Word clouds or tag clouds are graphical representations of word frequency that give greater prominence to words that appear more frequently in a source text.
The larger the word in the visual the more common the word was in the document(s). This type of visualization can assist evaluators with exploratory textual analysis by identifying words that frequently appear in a set of interviews, documents, or other text. It can also be used for communicating the most salient points or themes in the reporting stage.
A variety of word and tag cloud generators are freely available on the internet and the process for creating them is straightforward. Evaluators can simply import text (for example, a set of interviews) into a text box and the tool creates a graphical representation of the words. Most word cloud generators have features that allow users to change colours, font, and exclude common or similar words.
Qualitative database from Sisters of the Road - made with Wordle.net
Here is an example word cloud created using Wordle.net (archived link of old website - not related to the word game prominent in 2022). The content within the word cloud is from interview transcripts of individuals discussing their experience with homelessness.
Qualitative database from Sisters of the Road - made with Tagxedo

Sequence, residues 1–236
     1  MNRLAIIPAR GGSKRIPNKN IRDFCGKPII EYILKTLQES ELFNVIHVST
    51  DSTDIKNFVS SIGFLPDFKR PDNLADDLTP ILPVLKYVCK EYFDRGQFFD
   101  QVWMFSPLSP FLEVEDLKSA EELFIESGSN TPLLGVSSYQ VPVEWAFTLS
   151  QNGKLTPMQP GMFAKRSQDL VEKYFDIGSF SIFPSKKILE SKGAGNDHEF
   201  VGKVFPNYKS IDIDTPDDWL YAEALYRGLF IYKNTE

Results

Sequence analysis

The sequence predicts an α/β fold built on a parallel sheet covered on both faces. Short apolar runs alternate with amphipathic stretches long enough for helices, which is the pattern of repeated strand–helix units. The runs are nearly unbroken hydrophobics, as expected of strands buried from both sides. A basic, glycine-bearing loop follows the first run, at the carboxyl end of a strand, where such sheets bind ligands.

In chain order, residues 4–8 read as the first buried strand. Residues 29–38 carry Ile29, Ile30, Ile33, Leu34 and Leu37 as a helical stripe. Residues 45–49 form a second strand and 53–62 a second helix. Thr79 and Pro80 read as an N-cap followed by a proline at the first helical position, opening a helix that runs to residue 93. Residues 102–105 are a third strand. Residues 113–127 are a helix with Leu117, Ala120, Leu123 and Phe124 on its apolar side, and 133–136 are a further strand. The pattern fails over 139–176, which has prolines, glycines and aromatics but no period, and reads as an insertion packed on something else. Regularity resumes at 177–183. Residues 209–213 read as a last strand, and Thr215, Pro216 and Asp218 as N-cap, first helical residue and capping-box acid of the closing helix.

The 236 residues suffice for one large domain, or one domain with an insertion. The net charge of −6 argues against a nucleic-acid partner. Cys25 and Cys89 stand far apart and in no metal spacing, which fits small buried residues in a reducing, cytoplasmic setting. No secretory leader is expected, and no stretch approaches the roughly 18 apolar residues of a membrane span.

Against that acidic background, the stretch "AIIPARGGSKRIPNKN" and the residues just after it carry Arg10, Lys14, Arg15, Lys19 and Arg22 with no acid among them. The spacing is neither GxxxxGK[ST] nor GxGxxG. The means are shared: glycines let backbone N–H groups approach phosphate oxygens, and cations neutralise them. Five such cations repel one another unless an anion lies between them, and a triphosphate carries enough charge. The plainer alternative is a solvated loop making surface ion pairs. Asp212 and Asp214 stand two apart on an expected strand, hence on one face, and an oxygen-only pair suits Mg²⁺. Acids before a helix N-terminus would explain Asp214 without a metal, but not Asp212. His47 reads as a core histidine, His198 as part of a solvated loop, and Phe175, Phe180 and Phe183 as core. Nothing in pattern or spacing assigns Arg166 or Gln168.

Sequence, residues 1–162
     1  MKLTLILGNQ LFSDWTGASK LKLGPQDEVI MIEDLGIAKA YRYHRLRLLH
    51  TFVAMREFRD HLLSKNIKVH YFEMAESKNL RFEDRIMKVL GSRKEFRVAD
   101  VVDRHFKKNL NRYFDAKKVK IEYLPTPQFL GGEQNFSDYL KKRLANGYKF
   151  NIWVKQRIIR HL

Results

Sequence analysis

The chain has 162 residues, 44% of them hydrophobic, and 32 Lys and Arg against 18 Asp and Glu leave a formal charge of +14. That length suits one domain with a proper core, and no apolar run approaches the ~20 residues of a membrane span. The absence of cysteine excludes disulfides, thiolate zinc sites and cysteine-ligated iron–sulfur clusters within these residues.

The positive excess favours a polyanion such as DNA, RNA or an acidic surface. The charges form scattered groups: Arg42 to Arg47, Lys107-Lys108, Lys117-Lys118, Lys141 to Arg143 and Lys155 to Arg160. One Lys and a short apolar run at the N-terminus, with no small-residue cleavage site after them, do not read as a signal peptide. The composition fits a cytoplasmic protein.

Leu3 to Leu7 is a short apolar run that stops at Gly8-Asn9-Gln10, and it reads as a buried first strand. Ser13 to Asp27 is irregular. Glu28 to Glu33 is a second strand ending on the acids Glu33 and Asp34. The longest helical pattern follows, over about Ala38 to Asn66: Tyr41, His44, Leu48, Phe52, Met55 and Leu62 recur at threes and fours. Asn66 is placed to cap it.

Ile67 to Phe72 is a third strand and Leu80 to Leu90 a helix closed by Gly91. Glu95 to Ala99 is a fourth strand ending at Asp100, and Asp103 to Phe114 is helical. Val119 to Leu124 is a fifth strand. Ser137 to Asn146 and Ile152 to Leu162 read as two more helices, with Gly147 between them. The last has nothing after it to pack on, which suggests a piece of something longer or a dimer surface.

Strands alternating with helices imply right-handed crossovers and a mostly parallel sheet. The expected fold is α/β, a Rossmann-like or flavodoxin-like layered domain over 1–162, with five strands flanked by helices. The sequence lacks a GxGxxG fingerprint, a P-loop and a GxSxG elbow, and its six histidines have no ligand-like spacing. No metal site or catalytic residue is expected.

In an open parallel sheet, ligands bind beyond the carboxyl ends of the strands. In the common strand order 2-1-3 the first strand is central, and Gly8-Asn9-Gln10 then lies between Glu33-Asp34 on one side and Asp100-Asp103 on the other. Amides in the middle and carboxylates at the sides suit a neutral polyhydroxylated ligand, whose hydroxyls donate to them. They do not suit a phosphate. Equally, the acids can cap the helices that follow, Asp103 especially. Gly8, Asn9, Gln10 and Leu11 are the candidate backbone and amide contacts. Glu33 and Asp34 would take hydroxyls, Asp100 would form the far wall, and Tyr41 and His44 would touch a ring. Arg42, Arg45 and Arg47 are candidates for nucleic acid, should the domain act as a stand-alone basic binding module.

This second example uses the same data set, but uses Tagxedo - a word cloud tool that provides the option to display the text in a shape or image.
Advice for choosing this method
Word clouds are an easy to use and inexpensive method for visualizing text data. One of the challenges of interpreting word clouds is that the display emphasizes frequency of words, not necessarily their importance.
Word clouds will not accurately reflect the content of text if slightly different words are used for the same idea (for example, ‘large’, ‘huge’, ‘giant’, ‘enormous’, and ‘big’). They also do not provide context, so the meaning of individual words may be lost. Because of these limitations, word clouds are best suited for exploratory qualitative analysis.
Careful consideration of the argument against word clouds can be found here.
Advice for using this method
Take time to clean up the data before importing it into the word cloud generator. For example, interview transcripts, may have common conversational fillers such as “you know” or “like” that need to be removed.
Ensure that the data collection team documents keywords consistently– with consistent capitalization – since some software packages will not recognize capitalized and uncapitalized words as the same.
Validate findings with participants.
If used for reporting, communicate the limitations of the visualization with the audience
Feinberg, J. (n.d.). Wordle - Beautiful Word Clouds. Retrieved August 2013, from wordle.net
Sisters Of The Road. (2002). Voices of Homelessness: a qualitative database from Sisters of the Road. Retrieved April 10, 2013, http://sistersoftheroad.org/voices/ (archived link)
Tagxedo - Word Cloud with Styles. (n.d.). Retrieved August 2013, from http://www.tagxedo.com/
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'Word cloud' is referenced in:
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